Tech Layoffs – Could You Have Been Wrongfully Terminated? 2 Potential Signs
Tech Layoffs have been rampant, with more probably on the way.
Tech layoffs have reached historic highs, with more than 200,000 jobs lost since last year. Meta, Amazon, Microsoft and Google have laid off at least a combined 51,000 tech workers during this period. Twitter alone has laid off close to 10,000 workers.
The tech layoffs come as a result of companies hiring big during the pandemic. Google and Microsoft increased their workforce by almost 50 percent.
Layoffs occur when a usually large sum of employees are terminated from their jobs, generally due to budget cuts or company downsizing.
However, just because you were laid off doesn’t mean it was done fairly. In fact, you could be a victim of wrongful termination.
Wrongful termination occurs when an employee is unlawfully terminated in a violation of their legal rights as a worker.
Sure, mass job casualties such as the recent tech layoffs may seem wrong, but they aren’t necessarily wrongful. Remember, California employment status is at-will, so an employee can be terminated at any time with or without cause. Still, this doesn’t mean you weren’t terminated in an unlawful manner.
Some companies may use mass layoffs as a way to wrongfully terminate employees they couldn’t otherwise let go of because of legal factors.
Let’s say for example that Sid, a non-binary employee at a fintech company, files a complaint with HR that their colleagues tease them and intentionally refer to them by the wrong pronouns. During a round of layoffs, the company includes Sid as a way to get rid of them without addressing the problem. They tell Sid it is due to company downsizing.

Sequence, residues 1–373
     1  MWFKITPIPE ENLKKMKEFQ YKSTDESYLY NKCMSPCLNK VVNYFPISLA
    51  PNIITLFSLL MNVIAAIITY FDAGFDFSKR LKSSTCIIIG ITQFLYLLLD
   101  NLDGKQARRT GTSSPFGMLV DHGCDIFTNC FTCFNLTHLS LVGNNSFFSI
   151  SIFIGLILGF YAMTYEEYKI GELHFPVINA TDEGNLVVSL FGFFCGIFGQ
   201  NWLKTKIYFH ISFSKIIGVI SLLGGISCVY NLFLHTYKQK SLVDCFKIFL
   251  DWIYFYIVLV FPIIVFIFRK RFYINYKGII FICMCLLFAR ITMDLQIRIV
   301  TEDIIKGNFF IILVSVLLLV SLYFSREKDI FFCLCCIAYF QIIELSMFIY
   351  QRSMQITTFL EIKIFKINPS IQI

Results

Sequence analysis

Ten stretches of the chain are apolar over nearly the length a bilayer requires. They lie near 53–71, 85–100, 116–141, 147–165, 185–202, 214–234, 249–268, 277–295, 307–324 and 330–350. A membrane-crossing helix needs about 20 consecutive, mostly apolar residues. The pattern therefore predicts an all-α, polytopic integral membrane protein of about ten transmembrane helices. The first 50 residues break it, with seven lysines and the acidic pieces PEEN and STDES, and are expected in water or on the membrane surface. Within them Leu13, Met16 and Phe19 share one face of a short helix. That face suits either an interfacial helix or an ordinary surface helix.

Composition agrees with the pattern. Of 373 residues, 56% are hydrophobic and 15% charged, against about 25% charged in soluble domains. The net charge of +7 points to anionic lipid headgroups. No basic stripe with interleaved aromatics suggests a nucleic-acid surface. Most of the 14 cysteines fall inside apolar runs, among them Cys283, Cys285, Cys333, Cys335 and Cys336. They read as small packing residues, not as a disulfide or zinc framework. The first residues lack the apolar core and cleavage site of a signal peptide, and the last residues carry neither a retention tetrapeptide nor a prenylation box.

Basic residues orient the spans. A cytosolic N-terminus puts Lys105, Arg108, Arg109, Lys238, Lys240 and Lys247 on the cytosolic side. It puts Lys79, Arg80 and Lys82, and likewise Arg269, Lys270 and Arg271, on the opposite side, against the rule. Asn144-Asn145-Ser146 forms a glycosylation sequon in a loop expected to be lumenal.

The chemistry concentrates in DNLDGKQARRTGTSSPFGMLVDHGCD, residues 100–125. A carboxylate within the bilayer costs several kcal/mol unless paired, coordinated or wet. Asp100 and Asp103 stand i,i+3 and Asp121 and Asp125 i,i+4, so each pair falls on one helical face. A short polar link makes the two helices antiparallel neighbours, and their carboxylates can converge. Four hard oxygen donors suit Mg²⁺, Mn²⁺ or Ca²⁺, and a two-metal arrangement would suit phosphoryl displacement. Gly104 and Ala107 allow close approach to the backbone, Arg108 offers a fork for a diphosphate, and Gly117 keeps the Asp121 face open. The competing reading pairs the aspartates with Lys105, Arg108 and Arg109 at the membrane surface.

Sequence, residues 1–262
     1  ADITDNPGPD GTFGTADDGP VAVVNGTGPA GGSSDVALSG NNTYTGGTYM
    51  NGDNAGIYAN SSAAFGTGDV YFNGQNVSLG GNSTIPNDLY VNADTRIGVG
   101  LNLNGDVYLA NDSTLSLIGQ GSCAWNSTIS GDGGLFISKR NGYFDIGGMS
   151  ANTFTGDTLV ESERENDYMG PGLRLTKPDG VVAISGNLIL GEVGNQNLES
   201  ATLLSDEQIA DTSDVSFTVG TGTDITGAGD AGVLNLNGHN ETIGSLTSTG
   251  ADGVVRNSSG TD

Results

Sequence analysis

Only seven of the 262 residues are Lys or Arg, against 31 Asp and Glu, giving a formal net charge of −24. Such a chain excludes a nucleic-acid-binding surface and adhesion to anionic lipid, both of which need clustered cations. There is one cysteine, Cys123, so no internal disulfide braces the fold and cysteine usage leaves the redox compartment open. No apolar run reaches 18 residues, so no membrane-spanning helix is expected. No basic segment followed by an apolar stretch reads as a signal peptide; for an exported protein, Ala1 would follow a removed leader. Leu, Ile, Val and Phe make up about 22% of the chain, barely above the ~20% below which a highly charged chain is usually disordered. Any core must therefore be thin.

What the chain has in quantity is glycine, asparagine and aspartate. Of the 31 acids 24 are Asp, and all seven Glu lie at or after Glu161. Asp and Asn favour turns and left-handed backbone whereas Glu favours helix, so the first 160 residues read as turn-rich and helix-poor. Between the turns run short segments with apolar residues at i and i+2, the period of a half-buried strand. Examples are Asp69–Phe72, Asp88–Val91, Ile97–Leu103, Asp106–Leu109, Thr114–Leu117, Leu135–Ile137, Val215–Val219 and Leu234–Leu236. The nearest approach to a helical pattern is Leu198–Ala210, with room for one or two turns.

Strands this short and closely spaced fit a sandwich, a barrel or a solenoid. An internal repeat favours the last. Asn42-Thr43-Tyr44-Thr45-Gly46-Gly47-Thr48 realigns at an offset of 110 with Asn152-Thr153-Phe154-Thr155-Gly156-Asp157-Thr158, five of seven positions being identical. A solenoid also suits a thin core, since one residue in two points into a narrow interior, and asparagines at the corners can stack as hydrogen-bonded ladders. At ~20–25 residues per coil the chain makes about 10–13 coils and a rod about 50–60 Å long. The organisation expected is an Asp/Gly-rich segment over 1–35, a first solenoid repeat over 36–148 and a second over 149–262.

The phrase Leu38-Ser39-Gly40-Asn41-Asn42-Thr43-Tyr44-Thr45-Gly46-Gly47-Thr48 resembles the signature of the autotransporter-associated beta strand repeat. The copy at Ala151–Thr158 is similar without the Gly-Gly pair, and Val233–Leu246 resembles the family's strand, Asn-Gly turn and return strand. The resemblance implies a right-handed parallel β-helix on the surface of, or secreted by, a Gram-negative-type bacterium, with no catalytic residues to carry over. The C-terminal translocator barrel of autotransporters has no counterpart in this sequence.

While the case is complex, Sid might have a claim that they were wrongfully terminated as part of the tech layoffs.
Per law, employees are protected from unfair treatment, including wrongful termination, because of:
- Sex (this includes gender identity, transgender status, and sexual orientation)
- National origin
- Age (40 and older)
Employees are also protected from retaliation after they:
- Report harassment
- Report discrimination
- Report unsafe work conditions or other labor code violations
- Report company violation of any laws
- Refuse to engage in discriminatory or otherwise illegal activity
To sum this up, you may have been wrongfully terminated if:
- You were terminated on the basis of belonging to a protected class
- You were terminated as retaliation for engaging in a legally protected activity
In their situation, Sid would have to prove they were let go of not because of downsizing, but because of retaliation and discrimination. They could do this with documented evidence such as:
- Any emails or email exchanges between them and their company or HR
- Text messages with the aforementioned groups
- Employee track record
Recent tech layoffs have taken their toll on many employees. While most layoffs are legal, there is still a possibility a company uses layoffs as an excuse to let go of someone unlawfully.
If you believe you were wrongfully terminated after a round of tech layoffs, it’s best to consult with a wrongful termination attorney.
At C&B Law Group, we have a team of employment attorneys ready to help determine if you have a case. We will carefully examine all evidence available to discover if there is a potential claim.
The LA lawyers at C&B Law Group have recovered millions of dollars for clients. Our employment team has recently settled employment discrimination cases of $150,000 dollars or more.
Wrongful termination is unfair. Companies using mass layoffs as an excuse to discriminate is not only wrong, it’s illegal.
Don’t sit in the shadows if you believe you were wrongfully terminated as part of company-wide layoffs. Contact our Los Angeles wrongful termination attorneys today.
Your initial consultation with us is free. Reach out today.